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Before I begin, I did a search through math.stackexchange and came across two previous attempts to get people to solve probability problems involving bingo. Neither produced a response.

So what makes me think I'll be any luckier? Maybe some new guy/gal has some insight.

The game of bingo is played with a bingo card having 25 squares, arranged in 5 columns of 5 squares. The first column has numbers between 1-15, the 2nd column has numbers between 16-30, and so on (the 5th column (!) has numbers between 61-75). Someone randomly draws a number from 1-75 and announces it. To make things a little interesting, the middle square is labeled "free". If a number called matches one on your card, you mark it. The goal is to have a complete row, column, or diagonal of 5 marked off first.

Here's my question: what is the expected number of random draws when there is a winner among $N$ players? I was thinking about this because I got involved in such a game this evening with my kids, and it seemed to take an awfully long time for a winner to surface.

My thoughts: this seems to me to be an extremely tough problem. I consider myself better than average in computing expected values, yet I found myself completely stuck on even how to approach the problem. I suppose I could have searched the literature, but I figured I needed to pose a decent question here; I owe it to the users who have posed so many interesting questions here for me to answer.

I'll look for any insight that might move the discussion forward; I do not expect a complete answer for you to post.

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@Marvis: Right on your first question, no on the second. The total # of cards is $(15 \cdot 14 \cdot 13 \cdot 12 \cdot 11)^4 (15 \cdot 14 \cdot 13 \cdot 12)$. –  Ron Gordon Jan 18 '13 at 3:17
    
Yes. Thanks. I meant $(15 \times 14 \times 13 \times 12 \times 11)^5/11$. –  user17762 Jan 18 '13 at 3:20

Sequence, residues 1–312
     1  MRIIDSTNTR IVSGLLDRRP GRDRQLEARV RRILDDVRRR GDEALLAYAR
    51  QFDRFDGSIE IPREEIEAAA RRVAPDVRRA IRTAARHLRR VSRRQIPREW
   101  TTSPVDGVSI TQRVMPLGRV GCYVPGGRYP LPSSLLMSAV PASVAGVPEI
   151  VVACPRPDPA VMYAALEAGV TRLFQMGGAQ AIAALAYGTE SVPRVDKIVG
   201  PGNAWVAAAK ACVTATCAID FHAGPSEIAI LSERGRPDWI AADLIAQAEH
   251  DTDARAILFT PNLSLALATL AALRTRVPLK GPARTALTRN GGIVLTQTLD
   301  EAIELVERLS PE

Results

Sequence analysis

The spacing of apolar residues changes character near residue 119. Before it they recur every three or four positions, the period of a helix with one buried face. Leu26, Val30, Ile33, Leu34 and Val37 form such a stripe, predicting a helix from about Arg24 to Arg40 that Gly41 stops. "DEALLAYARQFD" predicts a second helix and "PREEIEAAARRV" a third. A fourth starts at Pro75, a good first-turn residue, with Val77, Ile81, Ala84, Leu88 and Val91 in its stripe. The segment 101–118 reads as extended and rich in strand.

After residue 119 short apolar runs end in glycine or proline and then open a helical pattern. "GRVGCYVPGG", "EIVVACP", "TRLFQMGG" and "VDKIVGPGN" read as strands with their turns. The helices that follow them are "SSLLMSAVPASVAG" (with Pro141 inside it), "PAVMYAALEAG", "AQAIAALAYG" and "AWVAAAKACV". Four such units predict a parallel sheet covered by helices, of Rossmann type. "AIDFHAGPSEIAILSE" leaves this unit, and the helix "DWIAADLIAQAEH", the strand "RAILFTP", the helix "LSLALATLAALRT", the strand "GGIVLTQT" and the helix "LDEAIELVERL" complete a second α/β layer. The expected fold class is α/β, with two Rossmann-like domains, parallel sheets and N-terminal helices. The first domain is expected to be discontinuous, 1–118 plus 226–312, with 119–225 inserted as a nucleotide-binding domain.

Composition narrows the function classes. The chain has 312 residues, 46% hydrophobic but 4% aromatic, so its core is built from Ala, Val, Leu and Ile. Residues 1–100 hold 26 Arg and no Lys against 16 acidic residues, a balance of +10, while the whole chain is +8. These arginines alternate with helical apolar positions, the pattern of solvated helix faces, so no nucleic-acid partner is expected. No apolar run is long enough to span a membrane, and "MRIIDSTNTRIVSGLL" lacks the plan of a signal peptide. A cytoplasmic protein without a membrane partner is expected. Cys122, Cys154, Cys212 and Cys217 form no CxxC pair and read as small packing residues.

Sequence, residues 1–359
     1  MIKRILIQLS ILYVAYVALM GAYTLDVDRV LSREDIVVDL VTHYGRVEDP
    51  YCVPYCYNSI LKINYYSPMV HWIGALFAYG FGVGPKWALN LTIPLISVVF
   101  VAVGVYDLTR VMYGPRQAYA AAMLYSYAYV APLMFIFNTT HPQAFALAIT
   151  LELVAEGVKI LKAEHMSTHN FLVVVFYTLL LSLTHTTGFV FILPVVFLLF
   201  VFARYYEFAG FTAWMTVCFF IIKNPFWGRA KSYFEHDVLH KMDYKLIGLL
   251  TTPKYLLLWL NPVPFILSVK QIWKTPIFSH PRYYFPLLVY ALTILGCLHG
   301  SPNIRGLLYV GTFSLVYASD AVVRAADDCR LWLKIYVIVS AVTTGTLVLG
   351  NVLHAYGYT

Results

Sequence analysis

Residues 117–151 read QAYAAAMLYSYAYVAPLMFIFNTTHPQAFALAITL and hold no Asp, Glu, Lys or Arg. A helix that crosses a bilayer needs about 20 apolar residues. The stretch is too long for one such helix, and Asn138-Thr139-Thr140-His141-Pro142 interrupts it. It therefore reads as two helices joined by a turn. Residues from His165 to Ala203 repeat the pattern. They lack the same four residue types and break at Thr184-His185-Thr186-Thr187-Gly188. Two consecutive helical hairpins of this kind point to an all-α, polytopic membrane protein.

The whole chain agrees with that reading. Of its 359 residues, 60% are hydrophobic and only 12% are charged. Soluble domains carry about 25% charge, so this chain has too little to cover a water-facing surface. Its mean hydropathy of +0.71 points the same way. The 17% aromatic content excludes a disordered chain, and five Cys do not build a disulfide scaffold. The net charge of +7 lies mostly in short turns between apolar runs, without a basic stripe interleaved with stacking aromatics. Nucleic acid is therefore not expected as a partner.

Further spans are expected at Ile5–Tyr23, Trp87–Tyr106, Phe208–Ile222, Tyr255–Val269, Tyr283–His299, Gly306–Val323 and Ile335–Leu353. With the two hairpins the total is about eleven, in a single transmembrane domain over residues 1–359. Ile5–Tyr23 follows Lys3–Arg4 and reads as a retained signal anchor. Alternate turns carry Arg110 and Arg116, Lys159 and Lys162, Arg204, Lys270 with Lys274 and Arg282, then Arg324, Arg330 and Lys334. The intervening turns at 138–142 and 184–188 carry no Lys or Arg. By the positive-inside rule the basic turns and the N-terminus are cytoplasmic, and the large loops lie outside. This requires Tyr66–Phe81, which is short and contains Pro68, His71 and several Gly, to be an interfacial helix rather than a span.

Yes. Have you ever played? –  Ron Gordon Jan 18 '13 at 3:21
    
Nope. This is the first time I am even hearing this game. :-) –  user17762 Jan 18 '13 at 3:21
    
I think this is an American thing. Specifically, an American retiree thing (which I am not yet). –  Ron Gordon Jan 18 '13 at 3:23

1 Answer 1

up vote 2 down vote accepted

As evidenced by some of my previous answers, I like to write quick numerical simulations if they seem feasible. Bingo seems especially easy (Python code below).

I'm not sure if this is true, but I think the Bingo cards are essentially independent of each other. That is, if we can compute the probability distribution of a single player $N=1$ game length, we can use that to compute the joint probabilities for any number of players.

What I get seems to match with your playing experience, the mean game length for a single player was $42.4$ with a standard deviation of $9.6$. There is a slight skew in the PDF towards longer games. The full PDF is shown below:

enter image description here

from numpy import *
from collections import Counter

def new_board():
    cols = arange(1,76).reshape(5,15)
    return array([random.permutation(c)[:5] for c in cols])

def new_game():
    for token in random.permutation(arange(1,76)):
        yield token

def winning(B):
    if (B.sum(axis=0)==5).any(): return True
    if (B.sum(axis=1)==5).any(): return True
    if trace(B)==5 or trace(B.T)==5: return True
    return False

def game_length(board, game):
    B = zeros((5,5),dtype=bool)
    B[2,2] = True
    for n,idx in enumerate(game):
        if winning(B): return n
        B[board==idx] = True

def simulation(trials):
    C = Counter()
    b = new_board()
    for _ in xrange(trials):
        C[game_length(b, new_game())] += 1
    return C

repeats = 10**2
trials  = 10**3

from multiprocessing import *
P = Pool()
sol = sum(P.map(simulation,[trials,]*repeats))
P.close()
P.join()

X = array(sorted(sol.keys()))
Y = array([float(sol[x]) for x in X])
Y/= repeats*trials

EX = array(list(sol.elements()))
print "Mean and stddev", EX.mean(), EX.std()

import pylab as plt
plt.fill_between(X, Y, lw=2, alpha=.8)

plt.plot([EX.mean(),EX.mean()], [0,1.2*max(Y)], 'r--',lw=2)
plt.ylim(ymax = 1.2*max(Y))
plt.xlabel("Expected game length")

plt.show()
share|improve this answer
    
For a roomful of $N$ players, it would be more useful to show the cumulative distribution function. Then if there were 100 players, you would expect the winner around the point the CDF hits 0.01, which will be much earlier. My eye says low 20's, but your program will make that easy. –  Ross Millikan Jan 18 '13 at 22:56
    
@Hooked: brilliant work. I may try out your code and see how things behave. Very interesting PDF, I wonder if it is some Poisson shape or something. –  Ron Gordon Jan 19 '13 at 0:18

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